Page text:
At least one person was killed in a Russian missile strike on the centre of the eastern Ukrainian city of Kramatorsk, authorities said.
“I felt a really powerful explosion and I understood it was somewhere here,” said Valentina, 70-year-old local resident whose son-in-law, Maksym, was critically injured in the attack.
“I called my daughter and she says that Maksym is not picking up the phone. He must have been knocked off then,” she cried.
As the war drags on, concerns that Russia may halt supplies of natural gas to Europe have risen.
In response, the European Union is considering a voluntary 15% cut in natural gas use by its member states beginning next month, Bloomberg reported on Tuesday, citing EU diplomats.
Brussels is expected to publish plans on Wednesday for how the 27 EU members can reduce gas use. The exact number for the reduction target was not specified in a draft document of the plan seen by Reuters.
Kremlin-controlled energy giant Gazprom (GAZP.MM) was ready to fulfil its obligations on gas exports, Putin said, and was not to blame for a reduction in gas transit capacity, including shutting down one of the routes via Ukraine to Europe by Kyiv. (Source: Reuters)
18 Jul 22. Kremlin’s struggle to sustain combat power is ‘becoming increasingly acute’, MoD says. Russia’s struggle to sustain combat power is “becoming increasingly acute” amid a lack of military personnel and split fronts, Britain’s Ministry of Defence has reported.
“As well as dealing with severe under-manning, Russian planners face a dilemma between deploying reserves to the Donbas or defending against Ukrainian counterattacks in the south-western Kherson sector,” the MoD said.
It added that while Russia may still make further territorial gains in the eastern Donbas region, “their operational tempo and rate of advance is likely to be very slow without a significant operational pause for reorganisation and refit”.
The MoD’s statement comes after reports that the Kremlin had ordered a “volunteer mobilisation” of up to 34,000 soldiers by the end of next month to patch up its battered forces. The recruitment drive is part of a push to shift Russians on to a war footing without declaring a full mobilisation.
Russia has suffered at least 20,000 casualties in nearly five months of tough fighting in Ukraine, more than the Soviet Union suffered in 10 years of war in Afghanistan in the 1980s. (Source: Daily Telegraph)
18 Jul 22. Strategic Port Access Aids Support to Ukraine, Austin Tells Greek Defense Minister. Priority access to the Port of Alexandroupolis in northeastern Greece has allowed the U.S. military to continue to support Ukraine as that nation fights to maintain its sovereignty following the unprovoked February 24 invasion by Russia, the U.S. defense secretary told his Greek counterpart.
Secretary of Defense Lloyd J. Austin III hosted a meeting at the Pentagon today with Greek Defense Minister Nikolaos Panagiotopoulos. The two defense leaders discussed the growing partnership between the United States and Greece and the close cooperation between the two countries on basing, defense modernization and collective defense, particularly in the face of Russia’s aggression toward Ukraine.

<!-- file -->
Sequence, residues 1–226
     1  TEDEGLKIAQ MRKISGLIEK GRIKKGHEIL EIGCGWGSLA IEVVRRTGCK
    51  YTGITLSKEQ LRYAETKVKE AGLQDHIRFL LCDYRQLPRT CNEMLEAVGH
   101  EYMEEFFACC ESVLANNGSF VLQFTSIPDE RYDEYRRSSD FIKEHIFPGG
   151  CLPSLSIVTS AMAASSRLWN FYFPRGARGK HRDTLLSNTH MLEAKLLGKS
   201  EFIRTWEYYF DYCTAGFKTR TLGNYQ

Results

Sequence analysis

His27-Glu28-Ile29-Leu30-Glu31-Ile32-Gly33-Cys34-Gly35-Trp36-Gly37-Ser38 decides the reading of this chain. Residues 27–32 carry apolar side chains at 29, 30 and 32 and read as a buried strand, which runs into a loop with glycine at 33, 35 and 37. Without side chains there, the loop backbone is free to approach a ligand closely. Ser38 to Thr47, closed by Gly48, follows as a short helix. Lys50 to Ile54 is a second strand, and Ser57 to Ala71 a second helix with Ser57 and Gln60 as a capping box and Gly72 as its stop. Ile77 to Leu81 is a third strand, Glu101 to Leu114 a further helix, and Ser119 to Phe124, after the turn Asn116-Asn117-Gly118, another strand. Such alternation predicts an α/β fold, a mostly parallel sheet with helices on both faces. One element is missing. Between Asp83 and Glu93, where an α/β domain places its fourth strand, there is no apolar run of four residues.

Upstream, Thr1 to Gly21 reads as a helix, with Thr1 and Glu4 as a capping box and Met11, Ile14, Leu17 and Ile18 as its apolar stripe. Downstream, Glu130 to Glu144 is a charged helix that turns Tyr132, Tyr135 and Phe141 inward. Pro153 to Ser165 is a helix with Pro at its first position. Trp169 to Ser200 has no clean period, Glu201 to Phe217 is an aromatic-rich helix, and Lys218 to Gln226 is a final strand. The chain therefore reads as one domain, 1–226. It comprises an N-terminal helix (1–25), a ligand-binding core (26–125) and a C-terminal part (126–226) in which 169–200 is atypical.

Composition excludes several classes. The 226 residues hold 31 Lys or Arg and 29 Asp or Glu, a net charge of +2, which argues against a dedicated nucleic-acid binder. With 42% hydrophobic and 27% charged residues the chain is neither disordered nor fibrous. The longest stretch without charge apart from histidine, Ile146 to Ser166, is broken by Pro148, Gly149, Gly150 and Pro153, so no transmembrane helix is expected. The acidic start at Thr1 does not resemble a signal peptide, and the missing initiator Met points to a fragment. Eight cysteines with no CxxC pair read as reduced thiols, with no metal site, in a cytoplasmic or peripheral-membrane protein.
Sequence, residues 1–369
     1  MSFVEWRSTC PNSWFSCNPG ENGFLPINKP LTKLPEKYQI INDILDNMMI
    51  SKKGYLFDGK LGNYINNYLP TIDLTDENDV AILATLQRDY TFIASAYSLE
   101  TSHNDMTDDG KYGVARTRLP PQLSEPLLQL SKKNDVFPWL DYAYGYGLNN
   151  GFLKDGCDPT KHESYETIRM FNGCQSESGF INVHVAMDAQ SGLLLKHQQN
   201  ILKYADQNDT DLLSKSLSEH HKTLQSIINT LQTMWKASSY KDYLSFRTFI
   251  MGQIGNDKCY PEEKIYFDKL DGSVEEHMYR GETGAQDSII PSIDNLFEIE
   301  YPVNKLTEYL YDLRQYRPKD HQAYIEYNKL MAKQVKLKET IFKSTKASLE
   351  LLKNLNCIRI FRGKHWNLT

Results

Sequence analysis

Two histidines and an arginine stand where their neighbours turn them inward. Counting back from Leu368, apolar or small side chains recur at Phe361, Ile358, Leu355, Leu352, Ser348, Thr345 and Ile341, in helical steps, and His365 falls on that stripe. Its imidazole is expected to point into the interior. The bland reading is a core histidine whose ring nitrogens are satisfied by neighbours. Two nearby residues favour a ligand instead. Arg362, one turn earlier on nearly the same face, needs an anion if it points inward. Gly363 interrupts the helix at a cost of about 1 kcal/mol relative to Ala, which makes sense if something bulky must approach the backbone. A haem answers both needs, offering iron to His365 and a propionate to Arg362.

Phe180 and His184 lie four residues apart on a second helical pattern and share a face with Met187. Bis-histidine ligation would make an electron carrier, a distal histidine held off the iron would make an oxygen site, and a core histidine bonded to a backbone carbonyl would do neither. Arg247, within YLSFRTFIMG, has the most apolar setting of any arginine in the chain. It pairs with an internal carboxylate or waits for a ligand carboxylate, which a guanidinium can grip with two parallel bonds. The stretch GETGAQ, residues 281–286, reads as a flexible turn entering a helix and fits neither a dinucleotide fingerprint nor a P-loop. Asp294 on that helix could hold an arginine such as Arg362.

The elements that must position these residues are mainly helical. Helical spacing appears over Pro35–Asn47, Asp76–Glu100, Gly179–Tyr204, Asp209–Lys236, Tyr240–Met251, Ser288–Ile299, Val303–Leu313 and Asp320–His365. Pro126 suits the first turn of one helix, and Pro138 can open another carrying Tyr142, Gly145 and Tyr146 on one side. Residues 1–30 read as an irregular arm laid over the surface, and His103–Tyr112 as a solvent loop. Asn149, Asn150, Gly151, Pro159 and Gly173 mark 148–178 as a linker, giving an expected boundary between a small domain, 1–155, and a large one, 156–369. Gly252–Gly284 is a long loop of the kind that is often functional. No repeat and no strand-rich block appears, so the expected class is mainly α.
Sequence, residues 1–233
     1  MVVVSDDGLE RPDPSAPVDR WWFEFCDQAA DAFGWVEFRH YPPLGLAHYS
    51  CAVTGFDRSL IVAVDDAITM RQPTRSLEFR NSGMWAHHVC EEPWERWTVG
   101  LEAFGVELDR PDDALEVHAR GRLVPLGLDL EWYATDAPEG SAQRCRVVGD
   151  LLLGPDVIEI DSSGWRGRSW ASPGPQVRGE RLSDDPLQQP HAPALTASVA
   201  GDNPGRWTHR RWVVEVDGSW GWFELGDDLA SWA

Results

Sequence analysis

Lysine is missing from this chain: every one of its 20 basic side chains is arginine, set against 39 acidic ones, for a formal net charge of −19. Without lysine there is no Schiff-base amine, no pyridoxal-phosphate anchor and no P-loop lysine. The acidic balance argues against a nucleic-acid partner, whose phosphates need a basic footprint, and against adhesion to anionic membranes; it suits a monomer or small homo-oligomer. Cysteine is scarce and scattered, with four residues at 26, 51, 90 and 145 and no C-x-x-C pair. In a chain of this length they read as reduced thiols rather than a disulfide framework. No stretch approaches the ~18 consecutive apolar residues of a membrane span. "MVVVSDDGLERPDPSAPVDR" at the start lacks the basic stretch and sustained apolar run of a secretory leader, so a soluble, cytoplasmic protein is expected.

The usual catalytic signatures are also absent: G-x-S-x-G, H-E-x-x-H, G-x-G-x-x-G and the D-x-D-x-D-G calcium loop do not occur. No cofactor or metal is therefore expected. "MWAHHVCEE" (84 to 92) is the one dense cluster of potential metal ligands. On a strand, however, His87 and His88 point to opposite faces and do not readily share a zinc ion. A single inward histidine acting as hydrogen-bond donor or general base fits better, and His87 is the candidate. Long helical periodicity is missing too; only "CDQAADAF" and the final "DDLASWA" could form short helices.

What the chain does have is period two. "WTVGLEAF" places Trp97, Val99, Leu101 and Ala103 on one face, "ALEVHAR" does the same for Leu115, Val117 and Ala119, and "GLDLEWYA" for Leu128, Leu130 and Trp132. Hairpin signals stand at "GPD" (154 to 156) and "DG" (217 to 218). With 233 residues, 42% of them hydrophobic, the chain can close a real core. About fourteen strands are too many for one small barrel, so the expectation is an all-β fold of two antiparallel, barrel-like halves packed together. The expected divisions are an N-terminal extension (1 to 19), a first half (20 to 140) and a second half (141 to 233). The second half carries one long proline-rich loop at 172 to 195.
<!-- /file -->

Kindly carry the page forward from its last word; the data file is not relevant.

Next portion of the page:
“The defense relationship between the United States and Greece has never been stronger,” Austin said. “The updated U.S.-Greece Mutual Defense Cooperation Agreement reflects our nations’ unshakeable commitment to shared peace and security. And it has enabled the expansion of U.S. forces in Greece to support the United State’s and NATO’s objectives for strategic access in the region.”
Two examples of that partnership, Austin said, include the continued hosting of U.S. Naval forces at Souda Bay and priority access granted to U.S. military forces at the Port of Alexandroupolis in northeastern Greece, just 60 miles north of the Dardanelles Strait in Turkey. Port access allows quick entrance to the Sea of Marmara and then on through the Bosphorus Strait into the Black Sea.
“That access allows us to continue to provide military assistance to Ukraine and to counter malign actors and exercise and operate in the Balkans and eastern Mediterranean and the Black Sea region,” Austin said.
Panagiotopoulos thanked Austin for his leadership of the Ukraine Defense Contact Group, which stood up in April, and said Greece remains committed to providing continued support to Ukraine.
“The reaction of Greece to the unprovoked Russian invasion of Ukraine was indeed swift and decisive,” Panagiotopoulos said. “We offered all the assistance we could afford Ukraine, a country that is under attack in violation of every rule of international law. We implement those sanctions imposed on the aggressor. Despite their cost to us, we’re willing to contemplate any other action, any other type of assistance that will ”
Greece’s location on the Mediterranean Sea, makes it a strategically positioned defense partner that can and does provide access to ensure NATO allies are able to defend their mutual interests. Panagiotopoulos said that part of the world now faces various forms of revisionism which pose a threat to all nations.